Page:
Almond consumption reduces oxidative DNA damage and lipid peroxidation in male smokers.

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Li, N., X. Jia, C.-Y. O. Chen, J.B. Blumberg, Y. Song, W. Zhang, X. Zhang, G. Ma, J. Chen, 2012. Almond consumption reduces oxidative DNA damage and lipid peroxidation in male smokers. J. Nutr. 33(4):547-94.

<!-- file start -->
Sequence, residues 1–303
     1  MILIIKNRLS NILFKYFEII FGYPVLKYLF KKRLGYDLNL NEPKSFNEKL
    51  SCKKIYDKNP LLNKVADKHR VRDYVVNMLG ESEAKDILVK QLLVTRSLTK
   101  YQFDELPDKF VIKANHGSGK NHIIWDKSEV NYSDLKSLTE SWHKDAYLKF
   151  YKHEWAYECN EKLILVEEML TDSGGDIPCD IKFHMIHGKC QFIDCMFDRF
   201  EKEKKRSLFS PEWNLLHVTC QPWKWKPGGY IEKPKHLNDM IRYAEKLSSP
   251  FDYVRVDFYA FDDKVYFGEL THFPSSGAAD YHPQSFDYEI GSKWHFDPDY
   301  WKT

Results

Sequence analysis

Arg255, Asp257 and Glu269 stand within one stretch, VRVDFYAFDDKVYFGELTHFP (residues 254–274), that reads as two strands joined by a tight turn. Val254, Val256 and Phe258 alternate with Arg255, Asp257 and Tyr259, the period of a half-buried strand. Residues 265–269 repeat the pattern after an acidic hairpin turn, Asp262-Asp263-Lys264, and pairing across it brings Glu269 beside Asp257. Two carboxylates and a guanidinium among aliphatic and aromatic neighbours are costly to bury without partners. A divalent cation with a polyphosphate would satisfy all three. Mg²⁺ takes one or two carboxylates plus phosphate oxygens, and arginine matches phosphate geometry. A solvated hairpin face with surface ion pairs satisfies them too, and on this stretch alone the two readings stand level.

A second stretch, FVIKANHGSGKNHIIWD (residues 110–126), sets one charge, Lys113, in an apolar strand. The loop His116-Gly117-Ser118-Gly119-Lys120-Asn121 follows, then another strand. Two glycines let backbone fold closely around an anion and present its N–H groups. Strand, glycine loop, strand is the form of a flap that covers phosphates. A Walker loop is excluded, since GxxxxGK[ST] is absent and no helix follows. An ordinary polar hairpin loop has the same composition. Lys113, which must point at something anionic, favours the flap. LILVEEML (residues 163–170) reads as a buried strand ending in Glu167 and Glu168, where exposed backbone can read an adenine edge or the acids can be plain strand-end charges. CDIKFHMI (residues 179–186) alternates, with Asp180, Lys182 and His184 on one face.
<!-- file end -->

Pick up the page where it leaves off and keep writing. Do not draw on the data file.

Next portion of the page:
Smoking increases the risk of several chronic diseases associated with elevated oxidative stress status. Almonds are a good source of antioxidant nutrients and may diminish smoking-related biomarkers of oxidative stress.We investigated whether almond consumption decreases biomarkers of oxidative stress in young male smokers. We conducted a randomized, crossover clinical trial with 60 healthy male soldiers (18–25 y) who were habitual smokers (5–20 cigarettes/d) and supplemented their diet with 84 g almonds or 120 g pork (to control for calories) daily for 4 wk with a 4-wk washout period between treatment periods. In addition, 30 healthy nonsmoking men were provided the same daily serving of pork as reference comparison. Blood and urine were collected and assessed for biomarkers of oxidative stress. Baseline values of urinary 8-hydroxy-deoxyguanosine (8-OHdG) and malondialdehyde (MDA) and peripheral lymphocyte DNA strand breaks were significantly higher by 185, 64, and 97% in smokers than nonsmokers, whereas activities of plasma superoxide dismutase (SOD), glutathione peroxidase (GPX), and catalase were significantly lower by 15, 10, and 9%, respectively. After the almond intervention, serum a-tocopherol, SOD, and GPX increased significantly in smokers by 10, 35, and 16%, respectively and 8-OHdG, MDA, and DNA strand breaks decreased significantly by 28, 34, and 23%. In smokers, after almond supplementation, the concentration of 8-OHdG remained significantly greater than in nonsmokers by 98%.